- New Molecular Assay Detects Rapidly Emerging Multidrug-Resistant Superbug
Product News: New Molecular Assay Detects Rapidly Emerging Multidrug-Resistant SuperbugBD Diagnostics today announced the release of a molecular test designed to rapidly detect antibiotic resistance genes found in the superbug known as carbapenem-resistant Enterobacteriaceae (CRE). The test is currently available for research use only (RUO). CRE organisms are associated with high mortality rates, are easily spread from patient-to-patient and are resistant to nearly all antibiotics. In some cases there are no treatments that are effective against infections caused by CRE.
Rapid identification is critical to allow proper treatment and isolation of patients to prevent its spread. The assay, performed on the fully-automated BD MAX™ System, is designed to detect carbapenem resistance genes and produces results in just two hours. Conventional culture methods take several days to report results. BD is making the assay available, for research use only, to a limited number of infectious disease experts and researchers to gather feedback on its performance.
“BD has a strong scientific commitment to developing innovative diagnostics in response to the challenge of emerging pathogens,” said Patrick Murray, Ph.D., Worldwide Director of Scientific Affairs, BD Diagnostics – Diagnostic Systems. “We are offering this assay initially as a research tool to help BD and infectious disease researchers explore its clinical utility while we pursue development of an in vitro diagnostic solution.” The RUO assay is not for in vitro diagnostic (IVD) use.
Incidence of carbapenem-resistant organisms has increased dramatically over the past decade. The most concerning are CRE that have acquired carbapenemase genes including KPC, NDM, and OXA-48. The BD MAX assay is the first fully-automated assay to detect all three of these genes directly from specimens. In 2011, KPC strains were reported in 37 U.S. states. NDM strains, first discovered in 2008, have spread worldwide, while OXA-48 is now found throughout Europe, Northern Africa and India.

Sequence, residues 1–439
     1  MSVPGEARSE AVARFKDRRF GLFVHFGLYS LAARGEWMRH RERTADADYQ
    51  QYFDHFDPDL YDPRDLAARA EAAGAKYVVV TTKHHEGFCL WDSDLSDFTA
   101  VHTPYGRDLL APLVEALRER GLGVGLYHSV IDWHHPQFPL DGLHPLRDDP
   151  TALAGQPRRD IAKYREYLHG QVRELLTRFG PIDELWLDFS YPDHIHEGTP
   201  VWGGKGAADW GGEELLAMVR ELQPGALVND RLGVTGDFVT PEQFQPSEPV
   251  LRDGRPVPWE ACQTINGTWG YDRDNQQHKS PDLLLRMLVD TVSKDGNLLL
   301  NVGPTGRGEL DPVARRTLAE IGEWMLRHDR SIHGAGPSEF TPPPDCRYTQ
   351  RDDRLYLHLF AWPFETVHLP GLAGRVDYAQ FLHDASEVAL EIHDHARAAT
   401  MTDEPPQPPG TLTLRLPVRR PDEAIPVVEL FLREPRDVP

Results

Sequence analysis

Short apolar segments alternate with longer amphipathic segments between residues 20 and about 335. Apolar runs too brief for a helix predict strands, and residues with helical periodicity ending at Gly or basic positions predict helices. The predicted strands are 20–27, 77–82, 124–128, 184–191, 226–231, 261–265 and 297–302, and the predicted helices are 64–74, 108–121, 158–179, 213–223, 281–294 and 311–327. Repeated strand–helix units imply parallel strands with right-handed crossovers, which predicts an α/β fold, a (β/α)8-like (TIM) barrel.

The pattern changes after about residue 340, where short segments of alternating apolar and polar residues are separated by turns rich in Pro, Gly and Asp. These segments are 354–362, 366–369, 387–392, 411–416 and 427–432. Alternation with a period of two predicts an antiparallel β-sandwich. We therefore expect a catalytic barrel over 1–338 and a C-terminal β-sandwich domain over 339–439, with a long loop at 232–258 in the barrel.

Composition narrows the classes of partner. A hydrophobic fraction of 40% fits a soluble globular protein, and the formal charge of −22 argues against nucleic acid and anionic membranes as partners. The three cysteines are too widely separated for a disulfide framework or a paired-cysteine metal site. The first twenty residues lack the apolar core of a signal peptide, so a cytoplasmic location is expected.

“Multiple antibiotic-resistant bacteria, including carbapenemase-producing strains, have emerged worldwide at an alarming rate and now routinely cause both community- and hospital-acquired infections,” said Dr. Brian Currie, Vice President and Medical Director for Research at Montefiore Medical Center and Assistant Dean for Clinical Research at the Albert Einstein College of Medicine. “The medical community urgently needs more rapid and accurate methods to detect carbapenemase-producing bacteria in order to prevent the further spread of these deadly organisms.”
Assays already available on the BD MAX System to address healthcare-associated infections include methicillin-resistant Staphylococcus aureus (MRSA) and toxigenic Clostridium difficile, both CE-marked for IVD use in Europe. The BD MAX MRSA assay was FDA-cleared with CLIA Moderate Complexity categorization earlier this year. The toxigenic Clostridium difficile assay has been submitted to the FDA for 510(k) review and clearance.